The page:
Pavement Design
Approximately 3.0 million miles of highways in U.S. (45% fully paved).
Basic Functions of Pavements:
•
Visual guidance to drivers
•
Support vehicle load and distribute the trafficload stresses to the soil
(subgrade) at a magnitude that will not shear or distort the soil.

soil bearing capacity
→
2 to 50 psi

3500 lb auto
→
tire pressures
≈
35 psi

80,000 lb trucks (5axles)
→
tire pressure
≈
100 psi or higher (used for design)
Pavement Types
:
•
Flexible Pavements: asphaltic cement and aggregates
24 inches
→
Wearing Surface
←
asphaltic cement and aggregates
410 inches
→
Base
←
crushed aggregates (high quality)
410 inches
→
Subbase
←
crushed aggregates (rock)
Soil
→
Subgrade
68 inches of it is blended and compacted to maximum density
NOTE:

Base is usually stabilized with Portland cement, lime, fly ash, or asphaltic cement.

Wearing surface protects the base layer from wheel abrasion and waterproof the
entire pavement structure.
It also provides a skidresistant surface.

Thickness of Layers = f(type of axle load, available material, and expected
pavement life).
•
Rigid Pavements:
Portland Cement Concrete (PCC) and aggregates
“dowels” are load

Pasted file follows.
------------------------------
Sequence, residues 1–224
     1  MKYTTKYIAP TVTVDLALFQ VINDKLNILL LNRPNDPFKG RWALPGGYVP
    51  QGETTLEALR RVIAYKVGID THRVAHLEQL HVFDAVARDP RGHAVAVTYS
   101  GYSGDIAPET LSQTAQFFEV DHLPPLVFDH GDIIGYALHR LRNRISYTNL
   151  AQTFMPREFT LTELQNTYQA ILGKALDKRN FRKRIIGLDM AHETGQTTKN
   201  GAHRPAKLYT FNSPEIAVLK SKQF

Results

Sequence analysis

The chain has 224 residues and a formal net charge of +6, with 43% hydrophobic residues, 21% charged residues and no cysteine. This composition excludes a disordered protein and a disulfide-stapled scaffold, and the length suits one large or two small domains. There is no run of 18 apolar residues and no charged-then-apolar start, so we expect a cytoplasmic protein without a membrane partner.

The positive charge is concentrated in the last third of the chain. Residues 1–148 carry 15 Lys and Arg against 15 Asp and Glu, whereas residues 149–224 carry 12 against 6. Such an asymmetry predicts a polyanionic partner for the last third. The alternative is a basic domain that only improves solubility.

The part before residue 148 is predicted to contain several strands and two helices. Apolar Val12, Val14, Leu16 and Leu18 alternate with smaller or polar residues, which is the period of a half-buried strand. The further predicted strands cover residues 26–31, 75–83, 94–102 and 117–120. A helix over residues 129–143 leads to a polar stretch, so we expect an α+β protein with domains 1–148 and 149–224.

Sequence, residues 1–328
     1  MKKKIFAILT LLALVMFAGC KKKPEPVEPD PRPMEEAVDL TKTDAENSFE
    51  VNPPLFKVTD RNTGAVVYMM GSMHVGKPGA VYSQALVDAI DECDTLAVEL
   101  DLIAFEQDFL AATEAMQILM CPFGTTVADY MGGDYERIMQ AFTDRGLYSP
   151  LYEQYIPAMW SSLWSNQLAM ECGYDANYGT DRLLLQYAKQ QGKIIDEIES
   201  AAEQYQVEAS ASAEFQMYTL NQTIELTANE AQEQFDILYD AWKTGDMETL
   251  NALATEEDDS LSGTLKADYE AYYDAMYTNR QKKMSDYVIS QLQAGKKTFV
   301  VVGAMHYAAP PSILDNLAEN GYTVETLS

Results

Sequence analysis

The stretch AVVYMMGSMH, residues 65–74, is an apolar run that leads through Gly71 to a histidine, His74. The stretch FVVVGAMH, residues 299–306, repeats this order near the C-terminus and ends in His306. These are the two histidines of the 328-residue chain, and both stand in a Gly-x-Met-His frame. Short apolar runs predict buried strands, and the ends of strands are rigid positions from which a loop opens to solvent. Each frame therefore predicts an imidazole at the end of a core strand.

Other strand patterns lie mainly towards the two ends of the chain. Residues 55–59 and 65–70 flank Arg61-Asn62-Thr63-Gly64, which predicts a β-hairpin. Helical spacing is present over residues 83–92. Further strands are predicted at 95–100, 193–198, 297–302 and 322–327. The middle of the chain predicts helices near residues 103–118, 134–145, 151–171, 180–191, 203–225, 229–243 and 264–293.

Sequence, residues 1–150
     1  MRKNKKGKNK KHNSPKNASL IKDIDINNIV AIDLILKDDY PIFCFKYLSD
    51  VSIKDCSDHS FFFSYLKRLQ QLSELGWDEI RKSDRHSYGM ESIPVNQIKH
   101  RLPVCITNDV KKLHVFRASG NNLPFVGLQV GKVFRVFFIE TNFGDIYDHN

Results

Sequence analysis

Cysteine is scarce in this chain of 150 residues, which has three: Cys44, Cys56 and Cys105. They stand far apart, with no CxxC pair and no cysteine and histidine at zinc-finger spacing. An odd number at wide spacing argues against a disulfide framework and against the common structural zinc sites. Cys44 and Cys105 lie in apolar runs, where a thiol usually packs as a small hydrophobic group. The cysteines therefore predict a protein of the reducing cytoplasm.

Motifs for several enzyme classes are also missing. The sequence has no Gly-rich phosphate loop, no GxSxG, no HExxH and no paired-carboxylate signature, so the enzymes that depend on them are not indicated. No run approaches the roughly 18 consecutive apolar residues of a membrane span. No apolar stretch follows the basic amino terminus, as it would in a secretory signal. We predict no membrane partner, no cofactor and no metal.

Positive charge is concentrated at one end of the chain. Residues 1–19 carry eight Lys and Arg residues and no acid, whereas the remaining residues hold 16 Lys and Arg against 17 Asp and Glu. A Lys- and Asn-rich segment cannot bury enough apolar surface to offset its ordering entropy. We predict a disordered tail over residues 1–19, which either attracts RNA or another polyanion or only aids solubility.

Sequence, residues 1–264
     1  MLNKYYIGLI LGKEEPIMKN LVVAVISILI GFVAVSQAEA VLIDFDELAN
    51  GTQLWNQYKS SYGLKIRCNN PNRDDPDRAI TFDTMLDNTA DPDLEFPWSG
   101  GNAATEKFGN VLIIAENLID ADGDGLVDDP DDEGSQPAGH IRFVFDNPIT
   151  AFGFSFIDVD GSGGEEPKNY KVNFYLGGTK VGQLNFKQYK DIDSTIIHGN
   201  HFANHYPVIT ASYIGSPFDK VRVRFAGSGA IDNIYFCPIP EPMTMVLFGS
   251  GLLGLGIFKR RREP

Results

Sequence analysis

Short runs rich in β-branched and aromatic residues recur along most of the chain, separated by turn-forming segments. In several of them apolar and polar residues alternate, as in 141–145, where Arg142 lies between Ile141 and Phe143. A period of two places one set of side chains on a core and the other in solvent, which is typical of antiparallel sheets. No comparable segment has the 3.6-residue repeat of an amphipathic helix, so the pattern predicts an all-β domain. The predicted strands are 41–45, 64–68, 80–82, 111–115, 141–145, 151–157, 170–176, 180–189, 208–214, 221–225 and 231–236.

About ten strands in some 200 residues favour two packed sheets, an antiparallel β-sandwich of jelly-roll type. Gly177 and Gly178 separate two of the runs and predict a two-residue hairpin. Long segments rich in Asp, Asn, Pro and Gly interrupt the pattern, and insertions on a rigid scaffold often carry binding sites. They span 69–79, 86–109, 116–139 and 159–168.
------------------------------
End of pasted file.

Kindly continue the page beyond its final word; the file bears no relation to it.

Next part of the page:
Joint
transfer device
812 inches
PCC Slab
PCC Slab
→
10 to 13 ft wide to 40 ft or more long
48 inches
Base Layer (optional)
→
depending on the properties of subgrade
Soil
→
Subgrade
68 inches of it is scarified, blended, and compacted to maximize density
•
Other Variations of Flexible and Rigid Pavements:

Composite Pavements (Rigid and Flexible)

Continuously Reinforced

Posttensioned

etc.
1
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Principles of Flexible Pavement Design:
•
Load distribution on a flexible pavement:
Wheel Load
Wearing
Base
Subbase
Subgrade
•
Stresses and deflections:

Boussinesq theory:
assumes that the pavement is one layer thick and the material is
elastic, homogeneous, and isotrophic.
P
→
point load
x
y
⇒
one layer of pavement
∞
depth
z
stress at a point in the system is
2
z
z
P
K
=
σ
EQ. 4.1
σ
z
= stress at point z in the system, lb/in
2
P = wheel load, lb
z = depth of the point in question, inches
and
2
/
5
2
z
r
1
1
2
3
K
⎥
⎥
⎦
⎤
⎢
⎢
⎣
⎡
⎟
⎠
⎞
⎜
⎝
⎛
+
⋅
π
=
EQ. 4.2
where,
r = radial distance in inches from the centerline of the point load to the
point in question.
2
A more realistic approach is to expand the point load to an elliptical area that represents a tire
footprint. The tire footprint can be defined by an equivalent circular area with a radius
calculated by
π
=
p
P
a
EQ. 4.3
P = tire load in lb
p
= tire pressure in lb/in
2
a = equivalent load radius of the tire footprint, inches
The integration of the load from a point to a circular area can be used to determine the stresses
and deflections in a onelayer pavement system.
Influence charts, graphical solutions, and other equations are developed by researchers to
calculate stresses and deflections.
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 Spring '11
 schultz
 Normal Distribution, Inch, pavement

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